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1. Introduction to epidemiology
2. Soccer injury epidemiology
3. Reliability of soccer injury epidemiology studies
4. Ekstrand and Gillquist propose stretching and strengthening
5. Keller et al advocate warm up and stretching
6. Hawkins and Fuller identify fatigue as a factor
7. Conclusion
8. References

Overall, the value of football injury epidemiological data to the clinician working with football players is limited. The findings of such research should be interpreted with care. Often the causes of injury are multi-factorial, with each of the contributing factors difficult to measure objectively. In epidemiological terms, it is pragmatic to refer to component causes of injury which comprise necessary and sufficient causes of injury. In football injury these causes comprise of collisions, fatigue, overuse, muscle imbalance, poor technique, inadequate strength, inappropriate diet and other such factors which have been described in the literature as etiological.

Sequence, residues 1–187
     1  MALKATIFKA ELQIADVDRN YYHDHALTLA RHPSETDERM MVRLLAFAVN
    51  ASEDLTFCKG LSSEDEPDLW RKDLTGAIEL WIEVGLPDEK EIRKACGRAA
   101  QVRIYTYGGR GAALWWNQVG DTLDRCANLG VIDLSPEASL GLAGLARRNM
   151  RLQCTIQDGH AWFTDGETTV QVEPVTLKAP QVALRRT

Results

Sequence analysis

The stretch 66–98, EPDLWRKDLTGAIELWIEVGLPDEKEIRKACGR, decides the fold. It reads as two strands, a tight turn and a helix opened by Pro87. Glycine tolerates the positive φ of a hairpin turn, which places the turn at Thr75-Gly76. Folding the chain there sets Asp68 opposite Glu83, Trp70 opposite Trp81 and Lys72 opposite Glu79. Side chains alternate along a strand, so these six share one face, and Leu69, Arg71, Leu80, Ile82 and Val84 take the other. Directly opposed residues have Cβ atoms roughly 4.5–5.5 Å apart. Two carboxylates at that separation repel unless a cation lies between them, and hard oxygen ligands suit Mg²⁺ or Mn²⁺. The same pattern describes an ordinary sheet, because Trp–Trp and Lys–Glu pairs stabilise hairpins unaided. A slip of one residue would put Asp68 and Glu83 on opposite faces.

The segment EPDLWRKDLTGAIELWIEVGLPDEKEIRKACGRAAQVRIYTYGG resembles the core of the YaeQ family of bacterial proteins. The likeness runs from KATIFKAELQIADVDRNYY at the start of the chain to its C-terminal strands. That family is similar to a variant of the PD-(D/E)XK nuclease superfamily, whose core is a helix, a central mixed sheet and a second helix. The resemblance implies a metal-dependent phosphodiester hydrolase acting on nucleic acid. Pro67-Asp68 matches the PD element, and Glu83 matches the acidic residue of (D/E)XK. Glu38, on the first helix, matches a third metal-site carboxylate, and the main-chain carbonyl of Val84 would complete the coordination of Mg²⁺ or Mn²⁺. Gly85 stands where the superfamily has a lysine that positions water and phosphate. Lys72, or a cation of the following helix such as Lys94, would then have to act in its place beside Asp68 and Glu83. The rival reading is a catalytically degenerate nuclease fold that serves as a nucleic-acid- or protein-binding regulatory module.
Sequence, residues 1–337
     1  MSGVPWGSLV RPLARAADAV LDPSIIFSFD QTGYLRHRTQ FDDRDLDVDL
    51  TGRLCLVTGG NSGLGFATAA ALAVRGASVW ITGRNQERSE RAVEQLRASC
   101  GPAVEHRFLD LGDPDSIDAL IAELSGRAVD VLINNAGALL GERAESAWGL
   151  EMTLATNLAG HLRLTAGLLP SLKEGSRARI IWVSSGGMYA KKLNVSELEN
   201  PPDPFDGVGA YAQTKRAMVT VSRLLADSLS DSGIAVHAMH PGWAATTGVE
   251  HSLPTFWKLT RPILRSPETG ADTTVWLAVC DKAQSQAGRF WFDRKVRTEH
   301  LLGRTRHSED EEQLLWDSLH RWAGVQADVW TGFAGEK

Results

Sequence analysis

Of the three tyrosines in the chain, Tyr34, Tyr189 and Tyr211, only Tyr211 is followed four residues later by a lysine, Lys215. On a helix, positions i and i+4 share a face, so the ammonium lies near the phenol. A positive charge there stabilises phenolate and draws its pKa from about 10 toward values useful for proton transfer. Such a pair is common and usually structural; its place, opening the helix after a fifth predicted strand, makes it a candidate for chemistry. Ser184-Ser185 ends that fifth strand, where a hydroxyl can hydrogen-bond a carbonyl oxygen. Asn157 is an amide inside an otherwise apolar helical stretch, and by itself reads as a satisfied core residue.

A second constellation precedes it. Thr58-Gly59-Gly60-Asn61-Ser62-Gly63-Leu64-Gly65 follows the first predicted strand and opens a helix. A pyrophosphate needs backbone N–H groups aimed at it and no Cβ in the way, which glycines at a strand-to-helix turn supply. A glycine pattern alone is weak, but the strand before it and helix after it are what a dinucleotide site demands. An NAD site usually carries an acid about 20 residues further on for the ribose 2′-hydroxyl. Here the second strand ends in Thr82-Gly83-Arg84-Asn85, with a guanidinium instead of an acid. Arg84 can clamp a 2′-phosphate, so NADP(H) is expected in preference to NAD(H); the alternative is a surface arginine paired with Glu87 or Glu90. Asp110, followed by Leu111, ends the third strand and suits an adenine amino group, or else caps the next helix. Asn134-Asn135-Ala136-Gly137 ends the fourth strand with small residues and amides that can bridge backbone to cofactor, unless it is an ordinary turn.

In research terms, the difficulty arises when attempts are made to operationalise these concepts. The fact that epidemiogical research takes place in the sporting environment means that there is a lack of research control and a subsequent question mark over the validity of this research. The clinician can draw a general understanding of the etiology and mechanism of injury based on epidemiological research, but the wholesale implementation of strategies designed to reduce injury based on current evidence is not exact, and therefore not completely reliable. Although causation is difficult to pin down, the evidence at present allows the clinician to identify associations. In the absence of experimental evidence, these factors help guide the clinical reasoning process.

References >